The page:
Fool me once, shame on you; fool me twice, shame on me
Following up on the fools and shame saying, I think if you are fooled a third time it is not just shame but you are the fool. The NSA is like Moe Szyslak, bartender in the Simpsons who is also tricked by Bart.
In 2013, NSA contractor named Edward Snowden walked out of the agency’s building in Oahu, Hawaii, carrying a USB drive full of thousands of top-secret documents.
In 2016, a 53-year-old Booz Allen contractor for the NSA named Hal Martin was arrested last year for taking 50 terabytes out of the agency over a period as long two decades.
On Thursday, the Wall Street Journal reported that in 2015, a third contract employee of the NSA in as many years took home a trove of classified materials that included both software code and other information that the agency uses in its offensive hacking operations, as well as details of how it protects US systems from hacker adversaries.
That classified data, which wasn’t authorized to be removed from the perimeter of the facility where that contractor worked, was then stolen from the contractor’s home computer by Russian spies, who exploited the unnamed employee’s installation of antivirus software from Kaspersky, a Russian company. And while that revelation has raised yet another round of serious concerns and unanswered questions about Kremlin spying and the role of Kaspersky’s widely used commercial software, it also points to a more fundamental security problem for the NSA: The own-goals it has committed, as a series of its paid employees spill some of its most sensitive secrets—including its intensely guarded and dangerous hacking techniques.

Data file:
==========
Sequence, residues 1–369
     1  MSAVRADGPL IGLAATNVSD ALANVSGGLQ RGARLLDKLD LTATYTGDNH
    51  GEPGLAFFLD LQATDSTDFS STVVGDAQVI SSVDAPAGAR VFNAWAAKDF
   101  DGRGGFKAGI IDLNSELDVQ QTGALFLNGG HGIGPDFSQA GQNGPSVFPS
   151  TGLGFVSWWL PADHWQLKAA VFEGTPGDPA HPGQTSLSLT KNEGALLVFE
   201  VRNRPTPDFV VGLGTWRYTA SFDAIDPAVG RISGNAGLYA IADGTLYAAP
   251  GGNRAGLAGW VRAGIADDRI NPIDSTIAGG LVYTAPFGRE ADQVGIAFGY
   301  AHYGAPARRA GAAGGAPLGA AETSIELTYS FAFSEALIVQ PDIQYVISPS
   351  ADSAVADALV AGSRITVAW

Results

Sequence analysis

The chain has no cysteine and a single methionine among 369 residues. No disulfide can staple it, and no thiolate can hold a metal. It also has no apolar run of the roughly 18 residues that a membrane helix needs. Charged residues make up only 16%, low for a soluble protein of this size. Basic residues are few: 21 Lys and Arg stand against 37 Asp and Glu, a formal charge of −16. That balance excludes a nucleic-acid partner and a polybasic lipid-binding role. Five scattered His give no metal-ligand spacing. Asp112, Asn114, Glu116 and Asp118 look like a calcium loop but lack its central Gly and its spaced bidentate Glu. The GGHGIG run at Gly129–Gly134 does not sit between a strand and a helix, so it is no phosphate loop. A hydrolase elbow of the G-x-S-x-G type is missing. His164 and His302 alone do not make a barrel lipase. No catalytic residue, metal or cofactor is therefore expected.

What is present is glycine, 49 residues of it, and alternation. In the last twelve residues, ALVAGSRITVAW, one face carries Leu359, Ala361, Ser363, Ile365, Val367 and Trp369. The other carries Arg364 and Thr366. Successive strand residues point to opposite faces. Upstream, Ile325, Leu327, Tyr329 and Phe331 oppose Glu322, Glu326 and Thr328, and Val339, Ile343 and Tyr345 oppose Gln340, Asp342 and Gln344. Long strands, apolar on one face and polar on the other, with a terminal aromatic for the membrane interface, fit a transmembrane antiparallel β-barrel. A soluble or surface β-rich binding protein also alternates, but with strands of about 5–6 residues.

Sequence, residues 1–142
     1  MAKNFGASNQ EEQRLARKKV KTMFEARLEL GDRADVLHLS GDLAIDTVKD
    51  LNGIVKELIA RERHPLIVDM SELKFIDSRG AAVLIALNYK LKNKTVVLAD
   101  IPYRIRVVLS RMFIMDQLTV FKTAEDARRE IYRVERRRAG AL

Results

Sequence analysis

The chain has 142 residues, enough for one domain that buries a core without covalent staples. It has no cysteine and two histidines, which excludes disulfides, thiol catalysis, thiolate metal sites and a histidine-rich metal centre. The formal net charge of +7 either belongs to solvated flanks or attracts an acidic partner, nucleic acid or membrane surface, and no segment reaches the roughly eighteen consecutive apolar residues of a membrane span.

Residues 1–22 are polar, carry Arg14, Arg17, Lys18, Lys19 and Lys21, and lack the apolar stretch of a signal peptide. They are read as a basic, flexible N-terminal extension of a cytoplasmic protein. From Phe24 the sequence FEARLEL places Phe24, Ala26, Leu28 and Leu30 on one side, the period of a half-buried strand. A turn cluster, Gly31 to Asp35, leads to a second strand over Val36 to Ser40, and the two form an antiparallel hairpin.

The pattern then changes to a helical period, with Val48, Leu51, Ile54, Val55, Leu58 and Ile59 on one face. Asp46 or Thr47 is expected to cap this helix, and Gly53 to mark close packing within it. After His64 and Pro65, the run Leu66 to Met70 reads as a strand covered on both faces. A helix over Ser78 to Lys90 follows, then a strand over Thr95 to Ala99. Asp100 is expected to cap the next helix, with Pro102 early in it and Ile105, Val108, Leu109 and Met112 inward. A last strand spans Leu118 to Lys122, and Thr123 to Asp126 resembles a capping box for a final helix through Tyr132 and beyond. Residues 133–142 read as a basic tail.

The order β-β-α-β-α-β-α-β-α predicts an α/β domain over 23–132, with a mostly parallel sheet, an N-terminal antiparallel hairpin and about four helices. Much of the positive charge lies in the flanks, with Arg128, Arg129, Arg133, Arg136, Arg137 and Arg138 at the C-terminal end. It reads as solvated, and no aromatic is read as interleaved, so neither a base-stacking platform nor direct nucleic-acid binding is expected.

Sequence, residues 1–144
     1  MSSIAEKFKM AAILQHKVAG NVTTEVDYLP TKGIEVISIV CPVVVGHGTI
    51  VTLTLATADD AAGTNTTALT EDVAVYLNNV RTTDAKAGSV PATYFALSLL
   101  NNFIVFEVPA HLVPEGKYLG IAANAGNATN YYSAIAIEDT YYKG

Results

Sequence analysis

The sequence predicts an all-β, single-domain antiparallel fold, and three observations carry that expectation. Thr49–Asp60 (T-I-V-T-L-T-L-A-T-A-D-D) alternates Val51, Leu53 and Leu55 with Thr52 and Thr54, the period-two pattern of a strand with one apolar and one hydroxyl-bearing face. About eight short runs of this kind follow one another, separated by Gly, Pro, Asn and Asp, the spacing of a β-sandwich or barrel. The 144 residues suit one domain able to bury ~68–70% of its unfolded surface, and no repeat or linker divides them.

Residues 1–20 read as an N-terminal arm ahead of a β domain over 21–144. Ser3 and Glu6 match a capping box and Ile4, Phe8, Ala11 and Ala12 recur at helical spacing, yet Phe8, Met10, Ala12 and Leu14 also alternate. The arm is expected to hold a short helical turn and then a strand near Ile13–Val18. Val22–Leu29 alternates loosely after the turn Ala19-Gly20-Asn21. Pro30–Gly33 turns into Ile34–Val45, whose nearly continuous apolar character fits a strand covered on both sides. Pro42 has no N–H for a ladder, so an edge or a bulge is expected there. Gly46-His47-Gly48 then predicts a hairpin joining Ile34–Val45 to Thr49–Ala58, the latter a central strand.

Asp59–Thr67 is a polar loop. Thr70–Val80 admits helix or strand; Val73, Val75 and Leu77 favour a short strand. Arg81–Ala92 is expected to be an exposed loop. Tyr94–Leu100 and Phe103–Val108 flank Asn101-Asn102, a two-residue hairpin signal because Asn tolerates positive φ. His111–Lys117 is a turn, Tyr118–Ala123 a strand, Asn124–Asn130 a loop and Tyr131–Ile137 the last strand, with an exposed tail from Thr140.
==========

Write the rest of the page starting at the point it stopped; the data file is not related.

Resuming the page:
* no working from home. Do not provide the means to log onto NSA systems remotely
* no USB ports. Perhaps only dumb terminals
* Auto-encrypting information that goes onto external drives or devices
Former NSA analyst Aitel believes the cultural issues at the NSA run deeper than contractors alone. He says it was common during his time at the agency to see core NSA staffers do work at home, too—albeit not with actual classified documents—reading news stories and public sources of information security reports, digging up technical information, and even talking on the phone with each other in vague or coded terms, which he considers especially unwise.
Aitel argues that the NSA’s recent leaks stem from a more fundamental problem: The agency’s sheer scale, and a structure that doesn’t restrict its staffers often enough to information on a “need-to-know” basis. “There’s something structurally wrong here,” Aitel says. “This is about scale and segmentation. It’s very hard to have a really big team where everyone’s read in on everything and not have it leak.”
Contractors account for close to 30 percent of agency staff, and 60 percent of their budgets. He sees the three recent breaches as evidence that those massive payouts aren’t accompanied by proper oversight. “They’re leaving way too much authority to the contractors to police themselves and it’s clear that system is failing,” Shorrock says. “There needs to be some kind of mechanism to police the contractors.”
“What are the hell are these people thinking?” asks Aitel. “Leaving the NSA with top-secret documents and putting them on your home machine is the very first thing they tell you not to do. Why it keeps happening is a mystery to me, and probably to the management at NSA.”